Britain's Quakers have said that they will work alongside other opponents of Trident nuclear weapons, even if they do not share the Quakers' commitment to peace. But they insisted that they would not compromise on their principles.
Their comments follow growing criticism of Trident from commentators who fear that the cost of Trident renewal will reduce other areas of military spending. In contrast, the Quakers' opposition to Trident springs from their historic commitment to pacifism.
The Royal United Services Institute (RUSI), a pro-military thinktank, has suggested that Trident should be “scaled back” for financial reasons. Richard Dannatt, who recently retired as head of the army, has urged the government to review Trident spending.
“Whilst as Quakers we will never compromise our integrity to achieve a campaigning end, we welcome any support in campaigning to get rid of Trident and are happy to work with others on this issue,” said Sam Walton on behalf of Quaker Peace & Social Witness (QPSW), when questioned on the issue by The Friend, a weekly independent Quaker magazine.
Nuclear weapons have until now been funded separately to the core Ministry of Defence (MoD) budget, but the Chancellor of the Exchequer, George Osborne, has said he now wants the MoD to find the money itself. Defence Secretary Liam Fox is resisting the suggestion.
The government places the cost of Trident renewal at £20bn, but other estimates have put it as high as £94bn.
“Perhaps the reason why no-one wants to pay for Trident is that it’s not of any practical use,” suggested Walton, “The cost of Trident is ludicrous, especially given how little value for money we realise in terms of any sort of security”.
Shifting Trident funding to the MoD would have major effects on military expenditure. Although the MoD budget could be increased by the expected cost of Trident, this would still leave nuclear arms competing with other calls on the same pot of money.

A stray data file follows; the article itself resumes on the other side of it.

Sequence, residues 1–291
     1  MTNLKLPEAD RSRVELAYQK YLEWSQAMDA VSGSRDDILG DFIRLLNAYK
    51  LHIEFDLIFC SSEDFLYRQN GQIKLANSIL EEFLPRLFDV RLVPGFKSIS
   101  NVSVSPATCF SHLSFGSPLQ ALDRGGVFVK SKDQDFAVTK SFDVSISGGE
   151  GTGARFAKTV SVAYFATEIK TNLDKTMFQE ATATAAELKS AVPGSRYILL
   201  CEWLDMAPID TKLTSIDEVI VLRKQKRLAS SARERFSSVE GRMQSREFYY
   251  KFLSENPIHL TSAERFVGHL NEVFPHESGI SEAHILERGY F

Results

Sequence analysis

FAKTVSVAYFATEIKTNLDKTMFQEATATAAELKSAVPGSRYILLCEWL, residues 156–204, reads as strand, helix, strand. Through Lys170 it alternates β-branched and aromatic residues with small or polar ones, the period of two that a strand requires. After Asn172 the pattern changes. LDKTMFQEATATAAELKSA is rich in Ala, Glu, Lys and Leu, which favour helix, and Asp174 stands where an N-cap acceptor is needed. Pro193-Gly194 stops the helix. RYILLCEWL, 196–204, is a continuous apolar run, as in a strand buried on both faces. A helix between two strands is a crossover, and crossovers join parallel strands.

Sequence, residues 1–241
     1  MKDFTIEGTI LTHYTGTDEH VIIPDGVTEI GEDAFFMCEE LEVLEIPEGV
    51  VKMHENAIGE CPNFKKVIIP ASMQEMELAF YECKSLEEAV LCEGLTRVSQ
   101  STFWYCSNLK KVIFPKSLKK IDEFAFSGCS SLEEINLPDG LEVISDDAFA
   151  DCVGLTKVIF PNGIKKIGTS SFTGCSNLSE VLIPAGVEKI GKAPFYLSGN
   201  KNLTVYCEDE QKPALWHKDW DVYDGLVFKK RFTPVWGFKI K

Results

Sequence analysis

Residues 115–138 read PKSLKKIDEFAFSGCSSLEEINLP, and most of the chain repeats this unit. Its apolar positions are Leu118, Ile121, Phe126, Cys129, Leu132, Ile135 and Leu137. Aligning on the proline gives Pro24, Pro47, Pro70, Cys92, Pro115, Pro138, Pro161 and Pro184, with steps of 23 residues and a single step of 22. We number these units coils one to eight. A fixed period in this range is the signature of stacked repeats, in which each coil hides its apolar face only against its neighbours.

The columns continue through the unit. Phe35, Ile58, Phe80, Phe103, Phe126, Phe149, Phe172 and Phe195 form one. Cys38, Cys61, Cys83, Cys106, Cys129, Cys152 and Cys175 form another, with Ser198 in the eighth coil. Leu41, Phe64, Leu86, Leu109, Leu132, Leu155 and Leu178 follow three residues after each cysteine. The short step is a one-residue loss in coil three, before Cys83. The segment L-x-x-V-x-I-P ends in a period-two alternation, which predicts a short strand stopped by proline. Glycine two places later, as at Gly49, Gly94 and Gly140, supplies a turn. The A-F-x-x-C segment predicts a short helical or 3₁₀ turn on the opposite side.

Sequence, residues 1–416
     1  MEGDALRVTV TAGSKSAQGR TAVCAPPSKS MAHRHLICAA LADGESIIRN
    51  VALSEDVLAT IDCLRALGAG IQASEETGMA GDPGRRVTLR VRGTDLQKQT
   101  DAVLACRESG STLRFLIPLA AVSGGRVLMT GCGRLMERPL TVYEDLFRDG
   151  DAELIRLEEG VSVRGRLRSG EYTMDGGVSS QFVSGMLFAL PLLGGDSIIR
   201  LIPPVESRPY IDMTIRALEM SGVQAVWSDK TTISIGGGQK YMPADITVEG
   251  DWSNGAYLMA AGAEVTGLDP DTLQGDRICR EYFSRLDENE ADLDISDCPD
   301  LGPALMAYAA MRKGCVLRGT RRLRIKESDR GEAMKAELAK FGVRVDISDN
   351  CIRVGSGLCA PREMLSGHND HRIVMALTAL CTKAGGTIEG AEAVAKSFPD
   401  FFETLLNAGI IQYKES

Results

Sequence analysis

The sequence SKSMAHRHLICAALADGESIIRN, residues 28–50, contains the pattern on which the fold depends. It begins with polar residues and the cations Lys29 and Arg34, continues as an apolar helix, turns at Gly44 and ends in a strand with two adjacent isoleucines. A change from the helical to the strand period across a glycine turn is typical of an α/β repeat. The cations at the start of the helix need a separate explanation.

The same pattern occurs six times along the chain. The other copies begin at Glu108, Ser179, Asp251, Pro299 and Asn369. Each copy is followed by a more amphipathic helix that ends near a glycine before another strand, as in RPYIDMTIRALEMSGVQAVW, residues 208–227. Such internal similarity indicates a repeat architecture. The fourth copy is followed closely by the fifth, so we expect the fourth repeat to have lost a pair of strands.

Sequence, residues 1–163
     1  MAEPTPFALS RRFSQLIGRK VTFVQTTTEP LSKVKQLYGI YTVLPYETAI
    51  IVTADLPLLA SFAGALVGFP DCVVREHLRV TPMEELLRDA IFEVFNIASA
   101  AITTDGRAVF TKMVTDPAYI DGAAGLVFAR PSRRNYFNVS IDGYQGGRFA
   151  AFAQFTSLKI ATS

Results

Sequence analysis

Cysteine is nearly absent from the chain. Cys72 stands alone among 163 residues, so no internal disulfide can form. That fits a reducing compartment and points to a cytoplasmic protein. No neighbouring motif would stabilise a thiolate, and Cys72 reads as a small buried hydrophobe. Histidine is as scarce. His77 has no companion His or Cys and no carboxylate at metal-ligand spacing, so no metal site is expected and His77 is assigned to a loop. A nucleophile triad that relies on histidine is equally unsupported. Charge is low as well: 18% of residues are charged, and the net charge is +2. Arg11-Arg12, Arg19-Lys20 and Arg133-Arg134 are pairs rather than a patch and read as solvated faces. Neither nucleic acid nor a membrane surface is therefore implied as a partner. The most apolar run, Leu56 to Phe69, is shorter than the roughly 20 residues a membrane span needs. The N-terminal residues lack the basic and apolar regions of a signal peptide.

Not all peace campaigners are confident about working alongside anyone who opposes Trident. “On a tactical level, I’m pleased about anything that moves towards lower military spending,” said Albert Beale of the Peace Pledge Union (PPU), “But pacifists cannot agree with the logic of arguments that are anti-Trident but pro-military”.
Beale told The Friend that peace activists should keep in mind the “longer-term aim of demilitarisation”.
Trident renewal is opposed by a number of faith groups, including the Baptist, Methodist and United Reformed Churches and the Church of Scotland, as well as several Anglican and Roman Catholic bishops. Polls suggest that a majority of the public is also opposed.
Quakers, known more formally as the Religious Society of Friends, have maintained a stand against war since their beginnings in mid-seventeenth century. In 1661, they declared that the “spirit of Christ which leads us into all Truth will never move us to fight and war against any man with outward weapons”.
The Quaker peace testimony is one of a number of “testimonies”, through which Quakers witness to their experience of God through their behaviour in the world.